Published October 26. 2012 12:00PM Updated October 27. 2012 12:34PM
Boaters at several major launch sites around the region trying to pull their vessels out of the water in anticipation of Hurricane Sandy were surprised Friday morning when they discovered that the state's floating docks had been removed, making the task much more difficult.
But a spokeswoman for the state Department of Energy and Environmental Protection, which disassembled the docks without warning, said the agency would be providing personnel Friday and over the weekend to help people haul their vessels.
"They will go in the water to help get boats out," said Eleanor Mariani, director of boating for the DEEP, who works out of the Old Lyme office. "We know boaters want to get boats out this weekend."
Without the help, many people trying to haul their boats would have been forced to brave 60-degree water to maneuver vessels into a position to be towed away.
"Without a dock, it's nearly impossible to get the boat out of the water," said Rob Mahoney of Niantic, who needed to return home to retrieve a wet suit and an extra hand as he tried to remove his 20-foot boat from Mago Point in Waterford.
Floating docks were being pulled locally from Mago Point, Barn Island in Stonington, Bayberry Lane in Groton, at sites on either side of the Thames River in Groton, and New London near the Gold Star Memorial Bridge.
Last year, Mariani said, docks on the Salmon River in East Haddam were battered during Tropical Storm Irene, so the state was trying to avoid a similar occurrence this year.
Docks at 11 sites statewide were being pulled to prevent damage, Mariani said. The DEEP started removing the docks early — the hurricane isn't expected to reach Connecticut until late Monday or early Tuesday — because it takes four days to accomplish the task statewide, she said, and the agency tries not to do work over the weekend to avoid overtime.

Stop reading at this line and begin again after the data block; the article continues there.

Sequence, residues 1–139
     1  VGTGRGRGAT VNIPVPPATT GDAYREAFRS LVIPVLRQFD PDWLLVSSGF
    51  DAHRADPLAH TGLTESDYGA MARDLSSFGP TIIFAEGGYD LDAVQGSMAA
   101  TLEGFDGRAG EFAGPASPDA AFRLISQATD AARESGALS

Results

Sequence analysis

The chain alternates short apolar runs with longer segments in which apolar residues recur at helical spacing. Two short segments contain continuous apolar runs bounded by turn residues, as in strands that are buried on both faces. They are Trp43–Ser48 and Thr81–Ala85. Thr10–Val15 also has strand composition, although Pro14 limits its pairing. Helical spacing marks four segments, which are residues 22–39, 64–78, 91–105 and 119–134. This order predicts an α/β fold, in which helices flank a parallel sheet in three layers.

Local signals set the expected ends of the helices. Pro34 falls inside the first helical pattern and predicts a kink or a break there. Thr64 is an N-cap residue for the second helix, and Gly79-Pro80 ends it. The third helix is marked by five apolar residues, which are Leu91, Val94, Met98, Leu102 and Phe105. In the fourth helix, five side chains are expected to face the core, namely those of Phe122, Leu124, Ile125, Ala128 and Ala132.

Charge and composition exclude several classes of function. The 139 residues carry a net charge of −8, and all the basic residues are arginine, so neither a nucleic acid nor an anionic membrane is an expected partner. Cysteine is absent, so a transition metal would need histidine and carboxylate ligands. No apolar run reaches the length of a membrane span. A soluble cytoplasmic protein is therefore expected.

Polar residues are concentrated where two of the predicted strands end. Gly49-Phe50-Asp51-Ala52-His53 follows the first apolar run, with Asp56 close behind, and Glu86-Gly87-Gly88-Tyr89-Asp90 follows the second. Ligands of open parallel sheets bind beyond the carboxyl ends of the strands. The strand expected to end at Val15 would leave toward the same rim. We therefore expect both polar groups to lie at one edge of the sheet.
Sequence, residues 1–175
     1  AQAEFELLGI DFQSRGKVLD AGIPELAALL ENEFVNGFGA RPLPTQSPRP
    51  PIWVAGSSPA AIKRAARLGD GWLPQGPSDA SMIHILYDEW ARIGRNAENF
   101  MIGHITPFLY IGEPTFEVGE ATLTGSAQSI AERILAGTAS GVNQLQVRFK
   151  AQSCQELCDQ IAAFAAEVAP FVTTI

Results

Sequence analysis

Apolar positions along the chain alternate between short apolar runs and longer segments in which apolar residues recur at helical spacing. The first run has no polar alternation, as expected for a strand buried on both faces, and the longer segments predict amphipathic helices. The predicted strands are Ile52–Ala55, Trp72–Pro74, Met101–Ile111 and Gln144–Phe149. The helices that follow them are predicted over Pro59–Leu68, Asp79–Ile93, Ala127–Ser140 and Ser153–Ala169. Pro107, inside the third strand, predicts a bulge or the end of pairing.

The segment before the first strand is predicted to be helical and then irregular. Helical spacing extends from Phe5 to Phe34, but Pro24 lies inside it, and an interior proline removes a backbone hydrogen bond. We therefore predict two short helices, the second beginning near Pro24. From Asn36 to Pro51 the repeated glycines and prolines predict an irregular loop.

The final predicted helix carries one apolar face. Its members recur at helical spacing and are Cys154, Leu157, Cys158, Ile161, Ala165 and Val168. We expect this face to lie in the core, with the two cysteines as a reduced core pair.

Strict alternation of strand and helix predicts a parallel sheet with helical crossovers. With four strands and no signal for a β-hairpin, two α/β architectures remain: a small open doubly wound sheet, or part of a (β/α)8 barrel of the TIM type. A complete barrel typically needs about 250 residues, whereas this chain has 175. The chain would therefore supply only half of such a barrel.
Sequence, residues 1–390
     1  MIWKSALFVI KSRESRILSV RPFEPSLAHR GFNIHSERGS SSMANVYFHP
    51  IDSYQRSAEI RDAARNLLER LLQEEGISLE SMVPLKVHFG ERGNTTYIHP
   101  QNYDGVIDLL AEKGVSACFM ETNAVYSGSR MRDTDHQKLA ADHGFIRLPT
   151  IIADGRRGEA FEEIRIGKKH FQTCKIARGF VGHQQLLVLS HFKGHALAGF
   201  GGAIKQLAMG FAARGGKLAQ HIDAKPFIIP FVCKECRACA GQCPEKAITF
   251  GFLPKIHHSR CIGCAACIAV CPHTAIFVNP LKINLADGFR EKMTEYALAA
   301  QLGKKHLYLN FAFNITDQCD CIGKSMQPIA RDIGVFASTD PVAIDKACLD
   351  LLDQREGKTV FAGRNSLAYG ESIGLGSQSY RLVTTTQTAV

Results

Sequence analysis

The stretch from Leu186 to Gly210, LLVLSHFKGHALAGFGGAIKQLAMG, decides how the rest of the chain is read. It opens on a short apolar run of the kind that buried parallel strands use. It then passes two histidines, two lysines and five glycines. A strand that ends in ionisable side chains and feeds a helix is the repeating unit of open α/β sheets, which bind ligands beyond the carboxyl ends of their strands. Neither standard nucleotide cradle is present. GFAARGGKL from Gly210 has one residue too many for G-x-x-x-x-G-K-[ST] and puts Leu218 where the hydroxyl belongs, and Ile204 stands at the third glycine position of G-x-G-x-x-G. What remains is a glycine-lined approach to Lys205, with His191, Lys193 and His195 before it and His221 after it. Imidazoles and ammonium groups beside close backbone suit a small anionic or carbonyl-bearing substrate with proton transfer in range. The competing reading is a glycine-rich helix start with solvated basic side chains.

The docks, normally removed around Nov. 15, will not return until next spring, Mariani said. Anyone who needs to haul a boat after Sunday may need to bring a friend to help out, she said, because there are no plans for DEEP personnel to be on hand at the dock sites after this weekend.
A permanent dock at the Baldwin Bridge in Old Saybrook was unaffected, she added.
"We believe that this early action will benefit boaters by preventing damage to docks and will avoid lengthy delays to restoring normal boat launch activities next season," DEEP said in a statement.
Mariani said she arranged for DEEP personnel to be on site at Mago Point from 8 a.m. to 3 p.m. today and Sunday; at Barn Island from 8 a.m. to 3 p.m. today and 8 a.m. to 11 a.m. Sunday; and at Bayberry Lane from 8 a.m. to 3 p.m. today and noon to 3 p.m. Sunday to help boaters preparing for the storm.
In addition to affecting boaters seeking a safe haven from Hurricane Sandy, the DEEP's removal of state docks also took those on fishing excursions by surprise.
One boater at Mago Point, who didn't want to be named, said he and his wife had to haul their small boat out of the water without help late Friday afternoon. The couple said they never saw a DEEP worker in the area and noticed other people with larger boats struggling to retrieve their vessels.
Mahoney, the Niantic boater, estimated there were 40 to 50 trailers parked at Mago Point Friday morning, presumably representing boaters who had gone out on trips and returned later in the day to find the area where they off-load passengers suddenly missing. Many were headed to a popular fishing spot known as The Race hoping to snag a few blackfish as the season winds down.
"Now there's no place to dock," Mahoney said.